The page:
Ruth Ann Taylor reported that nine women went to the Sulphur Veterans Center on Tuesday the 6th for our monthly visit with our 10 adopted veterans. Three handprint flags were taken to be placed in the center for Veterans Day. The flags were made by Homer School. One pre-K, one second grade and one fifth-grade class made the flags for the center.

The group also celebrated one of the veterans’ birthday with a “Fishing Party.” Karen Walter took a swimming pool and fishing poles so the men could fish for gifts. Cake and punch we reserved, and a great time was had by all.

Ruth Ann Taylor suggest that we discuss at a future time putting wreaths on veterans’ graves.

Special report

Suzanne McFarlane shared about a trip she took to Ft. Pitt Park in Pittsburgh, Pennsylvania, early this year. It is a historic site,  given to the Pennsylvania DAR in 1954. She encouraged anyone visiting in that area to make a point of visiting the fort.

Good Citizen Committee

The committee chairman, Mary Scalf, gave an update on this year’s contest. Out of the seven Pontotoc County schools, six agreed to participate in the contest. Three of the six schools turned in essays, and they have been sent to the judges. Thank you,  Ada, Vanoss and Roff for your participation in this year’s contest.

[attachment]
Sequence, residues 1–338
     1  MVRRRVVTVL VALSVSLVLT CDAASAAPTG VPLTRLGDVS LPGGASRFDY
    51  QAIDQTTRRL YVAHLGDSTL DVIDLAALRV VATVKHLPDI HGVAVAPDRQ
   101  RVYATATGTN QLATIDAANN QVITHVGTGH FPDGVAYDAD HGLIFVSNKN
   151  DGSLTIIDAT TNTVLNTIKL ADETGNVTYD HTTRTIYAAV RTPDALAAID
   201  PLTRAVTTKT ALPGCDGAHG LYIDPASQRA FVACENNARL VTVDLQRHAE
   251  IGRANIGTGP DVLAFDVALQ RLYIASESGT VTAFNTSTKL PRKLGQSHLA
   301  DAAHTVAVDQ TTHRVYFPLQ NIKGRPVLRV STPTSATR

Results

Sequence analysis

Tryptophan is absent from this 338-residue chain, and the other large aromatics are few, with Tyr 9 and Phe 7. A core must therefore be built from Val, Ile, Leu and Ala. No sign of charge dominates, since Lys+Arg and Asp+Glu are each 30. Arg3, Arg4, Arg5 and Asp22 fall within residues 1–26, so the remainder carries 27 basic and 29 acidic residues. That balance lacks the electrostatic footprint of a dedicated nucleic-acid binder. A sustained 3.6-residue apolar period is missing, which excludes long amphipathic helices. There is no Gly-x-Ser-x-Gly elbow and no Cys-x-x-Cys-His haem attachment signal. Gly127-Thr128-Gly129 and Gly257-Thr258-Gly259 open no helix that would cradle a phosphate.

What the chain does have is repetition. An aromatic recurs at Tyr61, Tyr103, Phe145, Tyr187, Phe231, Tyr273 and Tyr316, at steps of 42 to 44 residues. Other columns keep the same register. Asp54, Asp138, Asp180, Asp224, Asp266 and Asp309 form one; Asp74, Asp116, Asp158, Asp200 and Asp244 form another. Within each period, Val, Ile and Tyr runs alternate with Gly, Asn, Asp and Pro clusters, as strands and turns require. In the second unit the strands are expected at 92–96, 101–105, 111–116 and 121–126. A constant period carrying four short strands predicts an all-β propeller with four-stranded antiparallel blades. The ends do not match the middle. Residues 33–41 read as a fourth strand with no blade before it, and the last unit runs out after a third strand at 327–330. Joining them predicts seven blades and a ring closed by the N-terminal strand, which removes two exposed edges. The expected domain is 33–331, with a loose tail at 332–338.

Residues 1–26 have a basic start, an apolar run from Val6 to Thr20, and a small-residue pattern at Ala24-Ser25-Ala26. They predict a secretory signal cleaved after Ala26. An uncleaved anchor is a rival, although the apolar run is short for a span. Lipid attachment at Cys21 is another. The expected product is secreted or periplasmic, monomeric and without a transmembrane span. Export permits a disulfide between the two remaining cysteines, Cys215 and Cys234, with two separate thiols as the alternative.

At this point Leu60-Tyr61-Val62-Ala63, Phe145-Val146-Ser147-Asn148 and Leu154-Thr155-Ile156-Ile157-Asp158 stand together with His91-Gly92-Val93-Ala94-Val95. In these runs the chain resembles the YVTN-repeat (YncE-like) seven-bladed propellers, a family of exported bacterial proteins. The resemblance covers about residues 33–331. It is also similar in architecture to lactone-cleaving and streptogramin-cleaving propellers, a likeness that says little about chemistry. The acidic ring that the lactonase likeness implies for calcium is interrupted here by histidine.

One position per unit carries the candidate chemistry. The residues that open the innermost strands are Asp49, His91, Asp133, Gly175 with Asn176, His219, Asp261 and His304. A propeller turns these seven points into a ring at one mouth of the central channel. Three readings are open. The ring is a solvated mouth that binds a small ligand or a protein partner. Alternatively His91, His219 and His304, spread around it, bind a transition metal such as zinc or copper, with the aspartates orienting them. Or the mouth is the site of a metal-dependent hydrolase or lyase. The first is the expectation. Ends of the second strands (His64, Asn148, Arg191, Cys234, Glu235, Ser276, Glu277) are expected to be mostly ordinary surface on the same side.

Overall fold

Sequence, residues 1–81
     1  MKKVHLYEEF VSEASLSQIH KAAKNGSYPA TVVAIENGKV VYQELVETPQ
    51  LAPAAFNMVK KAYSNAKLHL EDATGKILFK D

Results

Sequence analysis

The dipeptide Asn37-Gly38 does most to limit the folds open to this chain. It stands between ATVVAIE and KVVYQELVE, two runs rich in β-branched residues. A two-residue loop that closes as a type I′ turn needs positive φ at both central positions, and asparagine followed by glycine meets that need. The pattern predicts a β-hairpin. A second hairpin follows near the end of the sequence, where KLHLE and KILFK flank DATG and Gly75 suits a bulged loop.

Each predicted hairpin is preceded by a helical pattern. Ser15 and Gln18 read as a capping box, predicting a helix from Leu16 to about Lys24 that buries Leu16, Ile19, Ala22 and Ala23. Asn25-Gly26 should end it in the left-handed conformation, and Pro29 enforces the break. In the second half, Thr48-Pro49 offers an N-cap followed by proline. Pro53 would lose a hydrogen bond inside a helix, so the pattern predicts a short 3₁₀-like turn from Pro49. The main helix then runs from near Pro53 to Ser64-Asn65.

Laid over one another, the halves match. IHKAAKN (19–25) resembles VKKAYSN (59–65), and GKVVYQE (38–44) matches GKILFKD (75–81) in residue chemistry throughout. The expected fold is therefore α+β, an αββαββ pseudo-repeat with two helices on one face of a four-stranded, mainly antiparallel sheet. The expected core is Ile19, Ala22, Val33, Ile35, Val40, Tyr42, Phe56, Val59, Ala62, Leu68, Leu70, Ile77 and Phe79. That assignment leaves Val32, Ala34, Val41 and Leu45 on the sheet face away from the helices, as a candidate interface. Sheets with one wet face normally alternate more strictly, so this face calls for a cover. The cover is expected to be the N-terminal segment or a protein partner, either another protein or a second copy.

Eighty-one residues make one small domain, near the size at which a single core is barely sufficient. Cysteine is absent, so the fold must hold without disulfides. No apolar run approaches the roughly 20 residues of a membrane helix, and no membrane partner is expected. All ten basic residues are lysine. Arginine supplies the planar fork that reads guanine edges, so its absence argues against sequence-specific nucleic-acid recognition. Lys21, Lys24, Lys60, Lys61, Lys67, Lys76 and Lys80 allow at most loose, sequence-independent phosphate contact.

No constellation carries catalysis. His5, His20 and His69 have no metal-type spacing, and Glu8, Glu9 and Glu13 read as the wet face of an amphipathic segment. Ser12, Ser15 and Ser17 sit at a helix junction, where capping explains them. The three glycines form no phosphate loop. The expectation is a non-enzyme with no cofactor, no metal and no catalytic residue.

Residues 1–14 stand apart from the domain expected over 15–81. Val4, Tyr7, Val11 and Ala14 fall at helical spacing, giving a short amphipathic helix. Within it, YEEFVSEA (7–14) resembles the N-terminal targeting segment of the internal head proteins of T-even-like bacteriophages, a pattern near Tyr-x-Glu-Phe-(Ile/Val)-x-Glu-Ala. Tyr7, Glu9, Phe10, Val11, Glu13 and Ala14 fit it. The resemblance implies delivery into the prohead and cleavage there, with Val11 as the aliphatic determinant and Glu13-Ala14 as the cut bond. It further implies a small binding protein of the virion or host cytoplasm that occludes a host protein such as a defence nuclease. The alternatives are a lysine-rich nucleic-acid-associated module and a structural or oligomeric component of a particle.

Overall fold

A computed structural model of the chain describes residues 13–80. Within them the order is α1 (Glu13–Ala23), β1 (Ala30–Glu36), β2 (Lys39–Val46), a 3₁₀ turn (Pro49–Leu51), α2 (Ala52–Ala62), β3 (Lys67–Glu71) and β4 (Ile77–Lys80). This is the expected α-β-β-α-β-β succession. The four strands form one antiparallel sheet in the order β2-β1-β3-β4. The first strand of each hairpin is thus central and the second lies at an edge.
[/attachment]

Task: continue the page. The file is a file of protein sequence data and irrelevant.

Chapter Regent Mary Scalf reminded everyone to check the back table for handouts and sign-up sheets. She reminded the group that she has only three state Christmas tree ornaments left. and to see her if you are interested. She mentioned several Chimney Hill Daughters who are ill and need our prayers. She congratulated Sandra Mantooth on being the Pontotoc County VIM award winner. Sandra was recognized at the State Retired Teacher Meeting in Norman. The next DAR meeting will be at noon Saturday, Dec. 15, at the Ada Arts and Heritage Building. Each member needs to bring a side dish or a meat. The December hostesses will provide desserts and drinks. The door prize was won by Mary Scalf.


The benediction was given by Tommie Beddow.




The hostesses for the November meeting were Rita Cloar, Phyllis Oxenham Gibbs and Ruth Ann Taylor. Visitors were Tanya Gilliand, Sandra Thompson and Jill Williamson. 

Members present were Janet Barrett, Elaine Bearden, Tommie Beddow, Bettye Brown, Rita Cloar, Joan Elliott, Vicki Fleming, Phyllis Gibbs, Nancy Haney, Linda Hebert, Katherine Howry, Jean Kelley, Sandra Mantooth, Suzanne McFarlane, Carol Meyer, Mariam Paniaguia, Mary Pfeffer, Mary Scalf, Kelli Sutton, Ruth Ann Taylor, Karen Walters, Binnie Wilson and Elizabeth Witherow.

This content was contributed by a user of the site. If you believe this content may be in violation of the terms of use, you may report it.